Kellogg marketing students to analyze Super Bowl ads

Jillian Sandler

The majority of Americans probably watch Super Bowl advertisements solely for the laughs, but for the eighth year, Kellogg marketing students will also be watching them for the purpose of analysis.

The Kellogg Super Bowl Advertising Review will be held Sunday night during the game between the New England Patriots and the New York Giants. During the event, a panel of approximately 45 students in the Kellogg Marketing Club will rank the advertisements shown during the game to determine which ones were most memorable and effective, according to Kellogg Prof. Tim Calkins. The results will come out approximately 15 minutes after the game ends, he said.

Calkins, who leads the panel along with fellow Kellogg Prof. Derek Rucker, said the panel uses a framework called ADPLAN to analyze the various advertisements. ADPLAN stands for attention, distinction, positioning, linkage, amplification and net equity, the six different criteria the panel believes advertisers must display in order for their ads to be considered effective.

These criteria state that in addition to capturing viewers’ attention and being memorable, an ad must connect with its intended audience, establish a link between the ad’s creative idea and the product, make the audience remember the desired parts of the ad and make the ad reflective of the product’s brand.

Calkins emphasized the importance of the brand in making an ad effective and memorable.

“The biggest mistake advertisers make is they try too hard to be creative and different,” he said. “But sometimes you lose the brand, so the creative idea overwhelms the brand, so people remember the commercial but don’t remember who it was for, and that’s a problem for the advertiser.”

According to Calkins, advertisers spend approximately $3.5 million for a 30-second spot during the Super Bowl, but added the result of the ad can often be worth the high price.

“(The game) has a huge audience but it also is a time where people actually want to watch the advertising, and for the advertiser that’s a very important dynamic,” he said. “These days, people are getting good at avoiding advertising so it’s getting harder and harder to reach people, so this makes the Super Bowl unique.”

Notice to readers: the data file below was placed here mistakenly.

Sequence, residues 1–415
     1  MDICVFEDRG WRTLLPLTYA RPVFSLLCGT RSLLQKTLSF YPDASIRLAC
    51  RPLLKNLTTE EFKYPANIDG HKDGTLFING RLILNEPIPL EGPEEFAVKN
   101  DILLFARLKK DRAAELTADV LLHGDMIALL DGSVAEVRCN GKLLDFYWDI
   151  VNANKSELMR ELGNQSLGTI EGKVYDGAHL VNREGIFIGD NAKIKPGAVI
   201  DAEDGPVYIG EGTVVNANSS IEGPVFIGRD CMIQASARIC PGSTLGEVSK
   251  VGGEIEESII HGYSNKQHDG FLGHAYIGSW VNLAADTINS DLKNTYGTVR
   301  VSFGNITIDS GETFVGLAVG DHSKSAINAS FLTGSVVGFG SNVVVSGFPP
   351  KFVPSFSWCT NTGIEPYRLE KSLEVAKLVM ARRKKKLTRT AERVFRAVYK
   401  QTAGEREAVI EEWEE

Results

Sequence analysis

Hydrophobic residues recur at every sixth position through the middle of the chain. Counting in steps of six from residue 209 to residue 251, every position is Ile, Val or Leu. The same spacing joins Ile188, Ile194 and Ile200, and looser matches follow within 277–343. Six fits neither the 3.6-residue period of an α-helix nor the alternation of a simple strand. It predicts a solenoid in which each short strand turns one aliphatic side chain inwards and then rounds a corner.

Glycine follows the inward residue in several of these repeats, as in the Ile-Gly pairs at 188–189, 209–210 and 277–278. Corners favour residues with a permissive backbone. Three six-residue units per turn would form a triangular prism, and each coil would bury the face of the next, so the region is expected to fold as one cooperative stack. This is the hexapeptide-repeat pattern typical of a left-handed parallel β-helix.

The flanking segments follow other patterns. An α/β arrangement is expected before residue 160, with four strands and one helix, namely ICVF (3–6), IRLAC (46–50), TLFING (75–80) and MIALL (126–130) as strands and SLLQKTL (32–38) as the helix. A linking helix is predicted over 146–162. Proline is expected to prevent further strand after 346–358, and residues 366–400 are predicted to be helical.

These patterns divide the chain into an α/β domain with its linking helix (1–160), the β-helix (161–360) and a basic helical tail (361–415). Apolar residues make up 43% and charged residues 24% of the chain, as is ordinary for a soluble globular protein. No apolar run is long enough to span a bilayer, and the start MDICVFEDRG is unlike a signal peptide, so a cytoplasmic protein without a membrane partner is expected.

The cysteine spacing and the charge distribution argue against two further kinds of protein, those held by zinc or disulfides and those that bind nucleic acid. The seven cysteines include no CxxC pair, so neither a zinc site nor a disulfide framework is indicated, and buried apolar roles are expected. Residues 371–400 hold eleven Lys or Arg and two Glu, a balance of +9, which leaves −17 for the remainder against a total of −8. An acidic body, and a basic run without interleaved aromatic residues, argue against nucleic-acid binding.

Last year, the panel chose Volkswagen’s ad, featuring a child dressed up as Star Wars’ Darth Vader attempting to exercise his “force” on a Volkswagen car, for the top spot in the rankings. Calkins said this was an ad “that really connected with people.”

Second-year Kellogg student Valerie Wong, co-president of Kellogg’s Marketing Club and first-time participant in the panel, said the students are looking forward to what Volkswagen will come up with this year.

“I’m sure there’s anticipation around that particular ad and what that’s going to look like,” she said.

Calkins said the panel is also anticipating the Anheuser-Busch ad due to the consistency of the company in creating memorable spots over the years.

“They spend an incredible amount of time developing Super Bowl ads, and when all is said and done, they end up airing very effective spots,” he said.

Though Calkins said Volkswagen and Anheuser-Busch are companies that have been successful in airing memorable Super Bowl ads, he added Super Bowl ads can be detrimental for some companies who fail to connect with their audiences.

“A Super Bowl ad can help a company but also hurt it because people really scrutinize these ads, and the company can get a negative reaction if it offends people or doesn’t connect,” he said.

After the panel, Wong said students have the opportunity to attend an event at Kellogg featuring a representative from one of the companies who advertised during the Super Bowl. She said this gives students the opportunity to learn more about the creative processes behind the ads.

According to Kellogg second-year student and co-president of the Marketing Club, Martha Stark, who took part in the panel last year, the opportunity to rank Super Bowl ads with other students is a fun and rewarding experience.

“You really get a new perspective on the (panel), really analyzing from a student’s point of view rather than just a consumer’s point of view,” she said. “And having a lot of students around you and having fun while doing it is a unique experience.”

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See the 2011 Volkswagen Super Bowl ad: